The Ag nanoparticles and nanoclusters (AgNP, AgNC) have been widely used due to their multiple applications, for example, in catalysts for CO2 to CO electrochemical reduction, O2 reduction in fuel cells, interface design for plasmonic resonance experiments and H2O2 or glucose sensors. The chemical methods most used to obtain AgNP, reported in the literature are: borohydride reduction, the Tollens method or the sonication at high concentrations of AgNO3. One important disadvantage of these methods is the multiple steps required for electrode design, especially in carbon materials, and one of them is MWCNTs, used in some applications mentioned above. Electrodeposition has been reported in the preparation of metallic particles. In this chapter, we described the electropolishing method in the preparation of AgNP and AgNC supported on MWCNT film. An advantage of this proposed method is that it allows obtaining AgNP and AgNC in situ, supported on carbon matrices, ready to use as electrodes in different applications.
Part of the book: Silver Nanoparticles
The design of bioelectrochemical interfaces (BEI) is an interesting topic that recently demands attention. The synergy between biomolecules and chemical components is necessary to achieve high molecular selectivity and sensitivity for the development of biosensors, synthesis of different compounds, or catalytic processes. For most BEI, the charge transfer process occurs in environments with particular chemical conditions; modeling these environments is a challenging task and requires multidisciplinary efforts. These interfaces can be composed of biomolecules, such as proteins, DNA, or more complex systems like microorganisms. Oxidoreductases enzymes are good candidates, among others, due to their catalytic activities and structural characteristics. In BEI, enzymes are immobilized on conductive surfaces to improve charge transfer processes. Covalent immobilization is the most common method to prolong lifetime or modulate the detection process. However, it is necessary to implement new methodologies that allow the selection of the best candidates for a more efficient design. Homology modeling of oxidoreductases combined with Molecular Dynamics (MD) simulation methods are alternative and already routinely used tools to investigate the structure, dynamics, and thermodynamics of biological molecules. Our motivation is to show different techniques of molecular modeling (Homology Modeling, Gaussian accelerated molecular dynamics, directed adaptive molecular dynamics and electrostatic surface calculations), and using horseradish peroxidase as a model to understand the interactions between biomolecules and gold nanoclusters (as current collector). Additionally, we present our previous studies considering molecular simulations and we discuss recent advances in biomolecular simulations aimed at biosensor design.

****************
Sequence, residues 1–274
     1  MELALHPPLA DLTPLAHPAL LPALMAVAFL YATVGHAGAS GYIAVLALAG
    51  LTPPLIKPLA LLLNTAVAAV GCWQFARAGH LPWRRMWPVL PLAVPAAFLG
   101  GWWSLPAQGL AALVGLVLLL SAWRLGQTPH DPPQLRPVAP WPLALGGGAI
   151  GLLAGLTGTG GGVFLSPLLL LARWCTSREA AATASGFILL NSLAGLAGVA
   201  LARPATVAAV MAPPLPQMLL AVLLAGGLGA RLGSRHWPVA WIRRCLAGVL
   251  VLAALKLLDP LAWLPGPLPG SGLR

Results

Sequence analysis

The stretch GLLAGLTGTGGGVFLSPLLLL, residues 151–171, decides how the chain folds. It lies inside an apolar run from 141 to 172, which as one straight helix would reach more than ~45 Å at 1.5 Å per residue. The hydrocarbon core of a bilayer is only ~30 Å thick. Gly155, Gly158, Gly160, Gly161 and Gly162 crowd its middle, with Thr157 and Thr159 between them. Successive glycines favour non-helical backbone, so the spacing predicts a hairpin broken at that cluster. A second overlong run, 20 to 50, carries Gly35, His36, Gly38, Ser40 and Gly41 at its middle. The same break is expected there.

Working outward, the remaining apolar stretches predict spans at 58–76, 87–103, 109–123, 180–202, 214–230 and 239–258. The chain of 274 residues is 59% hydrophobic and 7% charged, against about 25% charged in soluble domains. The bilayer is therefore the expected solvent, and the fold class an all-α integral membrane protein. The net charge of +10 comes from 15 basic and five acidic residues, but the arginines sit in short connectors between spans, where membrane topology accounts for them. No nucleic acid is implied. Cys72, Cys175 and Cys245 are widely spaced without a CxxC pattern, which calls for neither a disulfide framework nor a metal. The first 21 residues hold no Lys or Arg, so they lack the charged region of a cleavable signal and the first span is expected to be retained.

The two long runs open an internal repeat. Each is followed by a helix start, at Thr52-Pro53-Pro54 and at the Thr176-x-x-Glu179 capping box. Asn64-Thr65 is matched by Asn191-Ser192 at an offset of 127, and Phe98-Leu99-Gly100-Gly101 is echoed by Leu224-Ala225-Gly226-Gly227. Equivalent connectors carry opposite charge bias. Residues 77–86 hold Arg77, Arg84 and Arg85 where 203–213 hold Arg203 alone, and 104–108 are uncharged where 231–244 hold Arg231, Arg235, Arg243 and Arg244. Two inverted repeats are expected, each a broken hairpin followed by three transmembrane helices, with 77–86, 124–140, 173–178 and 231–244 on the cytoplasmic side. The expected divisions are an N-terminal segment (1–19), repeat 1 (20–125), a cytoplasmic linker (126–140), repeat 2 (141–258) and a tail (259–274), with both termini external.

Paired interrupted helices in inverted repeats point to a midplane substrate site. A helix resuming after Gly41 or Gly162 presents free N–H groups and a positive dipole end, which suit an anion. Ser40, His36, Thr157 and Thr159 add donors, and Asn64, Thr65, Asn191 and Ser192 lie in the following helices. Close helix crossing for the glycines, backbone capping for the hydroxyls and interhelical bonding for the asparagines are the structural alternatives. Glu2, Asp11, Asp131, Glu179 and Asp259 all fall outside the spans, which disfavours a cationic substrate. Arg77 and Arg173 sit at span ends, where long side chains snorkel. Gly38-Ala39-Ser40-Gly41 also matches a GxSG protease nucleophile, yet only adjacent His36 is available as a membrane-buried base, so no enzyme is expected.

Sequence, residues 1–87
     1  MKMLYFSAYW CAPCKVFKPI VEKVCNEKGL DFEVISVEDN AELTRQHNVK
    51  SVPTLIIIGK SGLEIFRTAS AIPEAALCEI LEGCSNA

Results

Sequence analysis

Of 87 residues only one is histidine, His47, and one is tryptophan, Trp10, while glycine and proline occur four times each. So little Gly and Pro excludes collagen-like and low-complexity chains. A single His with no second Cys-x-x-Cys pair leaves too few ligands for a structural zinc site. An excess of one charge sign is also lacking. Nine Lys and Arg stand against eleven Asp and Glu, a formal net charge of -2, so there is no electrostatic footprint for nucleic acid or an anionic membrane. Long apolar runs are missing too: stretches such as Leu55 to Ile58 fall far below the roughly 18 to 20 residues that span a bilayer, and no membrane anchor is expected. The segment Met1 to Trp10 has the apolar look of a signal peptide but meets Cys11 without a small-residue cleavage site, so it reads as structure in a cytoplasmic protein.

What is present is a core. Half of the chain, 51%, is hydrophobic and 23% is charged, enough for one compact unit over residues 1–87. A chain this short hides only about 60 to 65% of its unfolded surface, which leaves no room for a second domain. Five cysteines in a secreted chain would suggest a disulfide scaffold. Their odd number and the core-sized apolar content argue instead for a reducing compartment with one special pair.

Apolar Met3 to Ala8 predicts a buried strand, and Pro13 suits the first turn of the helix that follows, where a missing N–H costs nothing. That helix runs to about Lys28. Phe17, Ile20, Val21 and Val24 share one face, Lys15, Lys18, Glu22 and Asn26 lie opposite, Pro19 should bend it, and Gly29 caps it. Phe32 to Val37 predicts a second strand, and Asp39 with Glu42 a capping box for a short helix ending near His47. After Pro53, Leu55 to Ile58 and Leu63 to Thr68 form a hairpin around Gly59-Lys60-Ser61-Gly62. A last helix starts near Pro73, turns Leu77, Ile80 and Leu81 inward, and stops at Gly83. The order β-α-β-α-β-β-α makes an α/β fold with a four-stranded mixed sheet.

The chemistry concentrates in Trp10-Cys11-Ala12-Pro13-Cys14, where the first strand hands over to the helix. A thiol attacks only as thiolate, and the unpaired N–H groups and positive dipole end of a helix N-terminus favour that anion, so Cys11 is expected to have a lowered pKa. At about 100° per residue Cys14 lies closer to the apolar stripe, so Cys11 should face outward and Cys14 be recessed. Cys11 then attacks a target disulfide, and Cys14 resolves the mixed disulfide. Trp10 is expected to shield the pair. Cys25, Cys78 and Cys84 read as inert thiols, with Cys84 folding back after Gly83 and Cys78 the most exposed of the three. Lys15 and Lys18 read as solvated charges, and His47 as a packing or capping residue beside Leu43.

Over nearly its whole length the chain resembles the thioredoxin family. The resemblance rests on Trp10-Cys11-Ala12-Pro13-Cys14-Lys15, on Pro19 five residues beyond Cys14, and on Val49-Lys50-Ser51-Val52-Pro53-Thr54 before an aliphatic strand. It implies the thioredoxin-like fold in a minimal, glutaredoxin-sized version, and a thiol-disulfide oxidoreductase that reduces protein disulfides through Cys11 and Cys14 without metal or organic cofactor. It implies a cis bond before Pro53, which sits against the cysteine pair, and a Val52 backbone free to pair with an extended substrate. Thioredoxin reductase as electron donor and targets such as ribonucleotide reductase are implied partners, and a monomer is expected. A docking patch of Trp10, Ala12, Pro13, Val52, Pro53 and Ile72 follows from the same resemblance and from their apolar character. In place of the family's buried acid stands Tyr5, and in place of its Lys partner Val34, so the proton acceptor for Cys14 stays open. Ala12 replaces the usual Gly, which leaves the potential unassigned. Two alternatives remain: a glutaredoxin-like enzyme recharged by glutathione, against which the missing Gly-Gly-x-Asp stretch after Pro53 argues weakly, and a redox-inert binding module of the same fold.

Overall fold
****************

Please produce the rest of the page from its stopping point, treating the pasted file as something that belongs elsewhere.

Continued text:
Part of the book: Homology Molecular Modeling